A judge has struck down the laws passed by Wisconsin Republicans in the legislature's legislation in December, and restored powers to the Democratic government Tony Evers, if only temporarily.
On Thursday, a county judge decided that all laws and appointments approved by legislators were illegal because they met in the so-called "extraordinary meeting", which is not expressly permitted by the constitution.
.gov. Evers made the decision almost immediately and urged the Wisconsin Ministry of Justice, led by the democratic law firm Josh Kaul, to withdraw the state from a trial aimed at reversing the reasonable law of care.
"As the governor has requested, please take the necessary steps to remove Wisconsin from Texas v. The United States," wrote Evers & # 39; s legal advisor Ryan Nilsestuen in a letter to the Justice Department shortly after the court was released.
Evers and Kaul invested in leaving the case, but one of the lama-duck laws has prevented them from following through on their promise.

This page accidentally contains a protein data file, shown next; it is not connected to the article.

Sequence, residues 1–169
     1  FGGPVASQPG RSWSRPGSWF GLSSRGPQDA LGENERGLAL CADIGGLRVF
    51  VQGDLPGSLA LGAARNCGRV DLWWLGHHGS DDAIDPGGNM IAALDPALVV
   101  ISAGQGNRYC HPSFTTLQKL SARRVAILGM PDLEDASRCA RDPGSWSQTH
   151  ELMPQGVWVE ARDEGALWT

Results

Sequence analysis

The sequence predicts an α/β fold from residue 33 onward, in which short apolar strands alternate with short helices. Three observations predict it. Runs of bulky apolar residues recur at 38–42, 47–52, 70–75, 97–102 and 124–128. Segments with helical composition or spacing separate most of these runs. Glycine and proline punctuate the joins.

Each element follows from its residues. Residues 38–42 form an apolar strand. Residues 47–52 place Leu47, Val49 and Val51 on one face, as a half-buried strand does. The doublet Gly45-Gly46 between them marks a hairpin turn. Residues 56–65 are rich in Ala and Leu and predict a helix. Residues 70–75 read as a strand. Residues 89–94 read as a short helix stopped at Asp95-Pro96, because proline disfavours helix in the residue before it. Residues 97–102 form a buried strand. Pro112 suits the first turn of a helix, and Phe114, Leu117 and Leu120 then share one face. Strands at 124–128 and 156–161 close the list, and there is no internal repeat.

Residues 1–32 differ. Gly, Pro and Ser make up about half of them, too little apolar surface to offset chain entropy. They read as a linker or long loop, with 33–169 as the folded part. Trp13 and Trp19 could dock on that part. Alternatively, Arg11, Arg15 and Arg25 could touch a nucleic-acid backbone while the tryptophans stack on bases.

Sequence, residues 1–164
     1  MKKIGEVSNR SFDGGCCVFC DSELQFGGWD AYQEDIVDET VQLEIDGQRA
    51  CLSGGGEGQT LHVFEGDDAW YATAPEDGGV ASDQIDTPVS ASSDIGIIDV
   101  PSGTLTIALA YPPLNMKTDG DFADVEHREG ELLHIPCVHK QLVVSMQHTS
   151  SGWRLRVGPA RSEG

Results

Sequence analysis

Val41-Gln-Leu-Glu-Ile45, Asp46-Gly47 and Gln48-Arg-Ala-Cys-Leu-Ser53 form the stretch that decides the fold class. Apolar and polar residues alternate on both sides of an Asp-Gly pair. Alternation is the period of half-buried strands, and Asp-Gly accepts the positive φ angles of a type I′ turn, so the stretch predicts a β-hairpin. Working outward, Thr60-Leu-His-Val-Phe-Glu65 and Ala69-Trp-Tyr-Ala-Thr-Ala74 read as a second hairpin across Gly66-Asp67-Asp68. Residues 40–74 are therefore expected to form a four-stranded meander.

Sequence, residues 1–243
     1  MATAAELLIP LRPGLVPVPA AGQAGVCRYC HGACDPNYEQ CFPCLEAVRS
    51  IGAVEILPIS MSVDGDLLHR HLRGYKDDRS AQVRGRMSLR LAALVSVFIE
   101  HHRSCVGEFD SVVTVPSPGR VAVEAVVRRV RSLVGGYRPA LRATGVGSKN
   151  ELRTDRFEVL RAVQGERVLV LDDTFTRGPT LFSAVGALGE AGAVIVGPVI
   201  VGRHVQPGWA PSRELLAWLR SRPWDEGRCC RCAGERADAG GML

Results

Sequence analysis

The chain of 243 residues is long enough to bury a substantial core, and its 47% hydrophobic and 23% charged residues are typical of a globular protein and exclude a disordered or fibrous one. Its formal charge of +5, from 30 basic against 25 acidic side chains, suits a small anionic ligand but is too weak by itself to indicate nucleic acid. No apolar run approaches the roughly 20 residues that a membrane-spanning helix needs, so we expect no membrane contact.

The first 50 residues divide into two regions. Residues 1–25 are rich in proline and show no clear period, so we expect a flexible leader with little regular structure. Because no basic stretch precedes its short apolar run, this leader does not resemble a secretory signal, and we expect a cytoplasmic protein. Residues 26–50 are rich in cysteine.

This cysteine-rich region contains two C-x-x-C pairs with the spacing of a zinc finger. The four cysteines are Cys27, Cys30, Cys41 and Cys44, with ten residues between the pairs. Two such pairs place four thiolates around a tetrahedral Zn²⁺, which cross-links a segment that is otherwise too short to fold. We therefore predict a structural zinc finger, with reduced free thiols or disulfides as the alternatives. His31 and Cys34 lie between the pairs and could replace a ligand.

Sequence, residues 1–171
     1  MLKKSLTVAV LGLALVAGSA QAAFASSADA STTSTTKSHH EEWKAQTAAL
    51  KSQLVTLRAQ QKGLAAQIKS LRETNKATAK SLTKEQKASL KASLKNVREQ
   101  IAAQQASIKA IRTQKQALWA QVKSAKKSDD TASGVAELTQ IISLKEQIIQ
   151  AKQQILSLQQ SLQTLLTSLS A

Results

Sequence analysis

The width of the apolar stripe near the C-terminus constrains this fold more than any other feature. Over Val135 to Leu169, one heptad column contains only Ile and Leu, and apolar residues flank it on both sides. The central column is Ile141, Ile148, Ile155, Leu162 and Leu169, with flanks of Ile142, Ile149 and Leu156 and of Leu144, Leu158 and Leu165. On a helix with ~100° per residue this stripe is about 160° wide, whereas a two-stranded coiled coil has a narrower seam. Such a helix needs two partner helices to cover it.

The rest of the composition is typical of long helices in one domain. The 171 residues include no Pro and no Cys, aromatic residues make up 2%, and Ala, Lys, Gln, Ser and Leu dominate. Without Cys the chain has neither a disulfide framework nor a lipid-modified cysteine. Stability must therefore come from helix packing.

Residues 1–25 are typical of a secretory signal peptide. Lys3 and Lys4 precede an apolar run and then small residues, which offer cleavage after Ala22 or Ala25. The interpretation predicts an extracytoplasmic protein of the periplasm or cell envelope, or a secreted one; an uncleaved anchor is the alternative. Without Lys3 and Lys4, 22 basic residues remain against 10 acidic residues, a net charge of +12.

The court also temporarily struck down 82 appointments to former Republican government Scott Walker during his administration's declining days, all of which were confirmed by Republican state senators in the lama-duck session.
If the court holds, these appointments would now be Evers "to do."
Evers issued a statement that promised the ruling and called it a victory for the people and one that preserves the Wisconsin Constitution.
"The lawyer survived his hand by using an illegal process to accumulate more power for himself and override the will of the people, despite the outcome of the November election in November," Evers said. "I look forward to putting this disappointing chapter behind us so that we can move on together to first need Wiscon's needs. "
What remains to be seen is whether a higher court will go in to block Evers from taking additional action.
Republican leaders Rep. Robin Vos and State Secretary Scott Fitzgerald promised to appeal the ruling and said in a statement that it was contrary to how the legislature had done business for years.
"For decades, the legislature has used extraordinary sessions that are widely supported by members of both parties," they said. "Today's ruling only creates chaos and will surely retrieve questions about objects that passed during previous extra sessions."
P The rocess was created by a coalition of the plaintiff which includes the League of Women Voters of Wisconsin, Disability Rights Wisconsin, Inc. and Black Leaders who organize for communities.
A federal judge ruled against Republicans in January and blocked laws passed in the lama-duck session that restricted early voting.